Yousef Baig & Chantelle Lee, THE PRESS DEMOCRAT
The Russian River flowed with a cherry red tint Wednesday after tens of thousands of gallons of fresh cabernet sauvignon wine poured into the largest tributary in Sonoma County.
The wine — enough to fill more than 500,000 bottles — spilled from a Rodney Strong Vineyards’ storage tank at the Healdsburg winery, made its way into Reiman Creek running through the property and drained into the river.
It’s likely the biggest wine spill in county history, but certainly in the past 20 years, said Don McEnhill, executive director of nonprofit Russian Riverkeeper, noting he couldn’t recall gallons of this magnitude reaching the river.
A roughly two-foot oval door near the bottom of a 100,000-gallon Rodney Strong blending tank somehow popped open about 1:30 p.m. Wednesday and spilled from 46,000 to 96,000 gallons of wine, officials with the Governor’s Office of Emergency Services said Thursday.
Local and state water quality and fish and wildlife officials are investigating to determine any negative effects to the river ecosystem and whether the winery violated water quality rules. Investigators with the North Coast Regional Water Quality Control Board and California Department of Fish and Wildlife were on-site Thursday to determine the extent of environmental damage.
Read more at https://www.pressdemocrat.com/news/10622264-181/pd-default-story-headline-xy?ref=moststory
Dan Berger, THE PRESS DEMOCRAT
John Williams, the visionary Frog’s Leap winery owner from Rutherford in the Napa Valley, was the most logical go-to person when an idle comment from a shop owner suggested that the wine industry could face water-shortage problems very soon.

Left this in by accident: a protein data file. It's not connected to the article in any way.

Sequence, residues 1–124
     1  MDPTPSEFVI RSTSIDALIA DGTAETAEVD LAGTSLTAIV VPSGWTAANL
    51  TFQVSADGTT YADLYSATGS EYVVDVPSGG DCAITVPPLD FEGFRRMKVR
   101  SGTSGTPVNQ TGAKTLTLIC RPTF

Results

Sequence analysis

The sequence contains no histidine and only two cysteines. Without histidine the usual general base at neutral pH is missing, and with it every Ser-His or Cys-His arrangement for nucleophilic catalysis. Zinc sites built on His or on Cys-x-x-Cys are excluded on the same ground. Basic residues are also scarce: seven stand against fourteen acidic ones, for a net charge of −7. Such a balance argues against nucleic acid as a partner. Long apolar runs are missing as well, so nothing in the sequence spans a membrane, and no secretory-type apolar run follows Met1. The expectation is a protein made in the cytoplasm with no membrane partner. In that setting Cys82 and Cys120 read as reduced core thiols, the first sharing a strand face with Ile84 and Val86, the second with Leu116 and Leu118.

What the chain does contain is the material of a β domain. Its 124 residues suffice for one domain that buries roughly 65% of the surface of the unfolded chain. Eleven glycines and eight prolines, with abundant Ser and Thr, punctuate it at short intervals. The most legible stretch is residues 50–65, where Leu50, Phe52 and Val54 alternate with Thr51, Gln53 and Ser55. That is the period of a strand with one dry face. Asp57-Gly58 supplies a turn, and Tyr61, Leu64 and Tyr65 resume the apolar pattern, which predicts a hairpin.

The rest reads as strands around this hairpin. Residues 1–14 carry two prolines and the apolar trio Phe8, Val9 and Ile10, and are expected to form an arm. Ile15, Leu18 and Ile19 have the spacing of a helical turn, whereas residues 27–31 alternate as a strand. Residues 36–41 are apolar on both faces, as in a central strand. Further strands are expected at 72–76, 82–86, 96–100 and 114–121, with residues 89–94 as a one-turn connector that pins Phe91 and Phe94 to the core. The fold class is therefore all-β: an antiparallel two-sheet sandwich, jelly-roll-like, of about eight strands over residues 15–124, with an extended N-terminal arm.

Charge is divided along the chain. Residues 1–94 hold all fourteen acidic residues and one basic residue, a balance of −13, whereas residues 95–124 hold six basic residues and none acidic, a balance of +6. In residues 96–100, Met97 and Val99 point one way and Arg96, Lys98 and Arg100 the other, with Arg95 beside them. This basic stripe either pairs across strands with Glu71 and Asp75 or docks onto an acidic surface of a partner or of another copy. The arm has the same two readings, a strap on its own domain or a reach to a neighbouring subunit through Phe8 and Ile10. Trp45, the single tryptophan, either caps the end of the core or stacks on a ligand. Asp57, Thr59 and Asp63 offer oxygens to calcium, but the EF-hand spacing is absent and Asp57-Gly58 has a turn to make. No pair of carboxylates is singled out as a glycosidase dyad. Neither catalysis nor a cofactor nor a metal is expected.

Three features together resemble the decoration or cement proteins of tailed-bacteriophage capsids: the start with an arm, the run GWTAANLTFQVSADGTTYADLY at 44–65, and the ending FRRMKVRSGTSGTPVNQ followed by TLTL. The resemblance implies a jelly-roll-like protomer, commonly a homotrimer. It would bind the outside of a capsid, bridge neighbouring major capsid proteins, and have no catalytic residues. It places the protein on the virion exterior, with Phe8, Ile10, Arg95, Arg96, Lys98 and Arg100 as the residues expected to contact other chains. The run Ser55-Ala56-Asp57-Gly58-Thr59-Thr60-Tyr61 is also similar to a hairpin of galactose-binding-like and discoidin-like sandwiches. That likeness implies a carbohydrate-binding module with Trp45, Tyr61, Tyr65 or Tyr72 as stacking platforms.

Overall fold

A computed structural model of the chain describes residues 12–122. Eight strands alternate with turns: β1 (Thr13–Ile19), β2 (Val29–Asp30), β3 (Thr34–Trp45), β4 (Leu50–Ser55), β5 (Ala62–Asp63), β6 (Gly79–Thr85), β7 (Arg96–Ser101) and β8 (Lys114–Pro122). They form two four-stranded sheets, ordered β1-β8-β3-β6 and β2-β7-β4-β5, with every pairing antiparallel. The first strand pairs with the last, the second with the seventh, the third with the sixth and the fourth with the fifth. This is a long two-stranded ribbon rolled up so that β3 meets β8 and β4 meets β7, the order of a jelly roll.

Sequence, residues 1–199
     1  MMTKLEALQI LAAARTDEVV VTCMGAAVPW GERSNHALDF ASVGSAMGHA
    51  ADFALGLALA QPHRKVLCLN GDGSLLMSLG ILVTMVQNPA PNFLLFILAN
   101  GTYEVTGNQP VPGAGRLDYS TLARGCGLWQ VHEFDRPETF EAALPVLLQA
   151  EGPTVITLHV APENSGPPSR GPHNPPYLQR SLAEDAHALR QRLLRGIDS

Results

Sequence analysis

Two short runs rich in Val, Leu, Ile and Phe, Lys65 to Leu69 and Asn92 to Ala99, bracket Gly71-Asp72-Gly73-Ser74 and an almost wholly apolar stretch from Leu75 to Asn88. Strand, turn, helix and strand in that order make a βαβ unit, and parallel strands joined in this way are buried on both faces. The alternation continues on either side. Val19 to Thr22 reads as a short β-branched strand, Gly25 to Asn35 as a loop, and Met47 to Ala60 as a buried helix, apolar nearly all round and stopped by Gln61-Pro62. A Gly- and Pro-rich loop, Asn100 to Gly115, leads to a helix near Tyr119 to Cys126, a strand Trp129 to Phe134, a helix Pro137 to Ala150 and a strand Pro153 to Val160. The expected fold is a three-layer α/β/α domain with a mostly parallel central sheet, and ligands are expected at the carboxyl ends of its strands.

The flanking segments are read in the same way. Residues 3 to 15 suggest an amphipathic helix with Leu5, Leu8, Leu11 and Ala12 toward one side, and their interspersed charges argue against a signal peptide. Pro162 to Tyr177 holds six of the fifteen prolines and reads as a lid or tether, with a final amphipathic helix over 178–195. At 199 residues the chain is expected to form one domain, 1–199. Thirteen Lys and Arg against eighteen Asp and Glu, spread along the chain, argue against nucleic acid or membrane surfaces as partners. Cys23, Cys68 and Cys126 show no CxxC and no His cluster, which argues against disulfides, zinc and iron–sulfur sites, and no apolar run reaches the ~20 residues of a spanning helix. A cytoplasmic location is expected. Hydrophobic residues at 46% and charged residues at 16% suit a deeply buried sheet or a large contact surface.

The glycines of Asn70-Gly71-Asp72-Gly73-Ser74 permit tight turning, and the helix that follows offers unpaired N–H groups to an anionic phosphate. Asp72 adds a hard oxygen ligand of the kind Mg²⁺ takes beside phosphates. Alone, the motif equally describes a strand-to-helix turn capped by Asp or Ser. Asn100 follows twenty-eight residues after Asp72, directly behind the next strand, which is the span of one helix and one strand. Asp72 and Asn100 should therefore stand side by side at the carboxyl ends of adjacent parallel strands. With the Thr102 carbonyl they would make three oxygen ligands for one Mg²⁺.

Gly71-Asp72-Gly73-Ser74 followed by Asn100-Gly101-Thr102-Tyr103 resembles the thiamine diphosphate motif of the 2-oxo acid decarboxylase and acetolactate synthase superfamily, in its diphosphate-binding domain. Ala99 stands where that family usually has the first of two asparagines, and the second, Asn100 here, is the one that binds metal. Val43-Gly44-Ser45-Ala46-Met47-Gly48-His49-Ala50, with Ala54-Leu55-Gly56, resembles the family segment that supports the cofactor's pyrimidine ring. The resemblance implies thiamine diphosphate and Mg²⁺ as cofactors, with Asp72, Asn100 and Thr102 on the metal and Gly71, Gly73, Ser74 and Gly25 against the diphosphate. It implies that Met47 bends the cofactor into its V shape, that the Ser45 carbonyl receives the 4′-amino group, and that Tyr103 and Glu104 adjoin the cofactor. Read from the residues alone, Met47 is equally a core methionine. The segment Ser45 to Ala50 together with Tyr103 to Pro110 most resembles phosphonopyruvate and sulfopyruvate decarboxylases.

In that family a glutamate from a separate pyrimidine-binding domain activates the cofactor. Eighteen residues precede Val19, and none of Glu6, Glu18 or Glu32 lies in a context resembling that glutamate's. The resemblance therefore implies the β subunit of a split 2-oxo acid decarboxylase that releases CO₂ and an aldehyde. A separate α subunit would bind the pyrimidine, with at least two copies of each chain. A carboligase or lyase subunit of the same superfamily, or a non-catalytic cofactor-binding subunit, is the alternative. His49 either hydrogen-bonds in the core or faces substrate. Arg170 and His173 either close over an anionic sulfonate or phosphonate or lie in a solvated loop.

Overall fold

Williams, ever his contentious self on the topic of vine irrigation, is a walking encyclopedia on the subject of water use in vineyards. But his opening line when I called him last week to speak of water use in vineyards, though typical of his philosophy, was still a bit of a shock: “We [in Napa] are drawing 1.2 billion gallons of water and putting it on vines that don’t really need it,” he said.
It’s important to know that Frog’s Leap is one of the most vocal advocates of organic farming. Williams is a firm believer in dry-farming of vines to make better wines.
Williams believes that the best wines are made from vines with deep roots and that by irrigating as routinely as they do, the majority of Napa growers are feeding the vine a drug (water) — and there is no methadone solution.
“The entire valley was dry-farmed for 100 years until 1976, when the first drip irrigation systems were installed,” Williams said. “When the vines have easy access to water, they do not have to push their roots down very far.”
He says that shallow root systems lead to fruit that’s lacking in flavors until later in the season. And a result of that is that growers pick later than they would need to if they were set up to be dry-farmed. As it is today, the broad use of irrigation leads to alcohol levels that are higher than they should be, he said.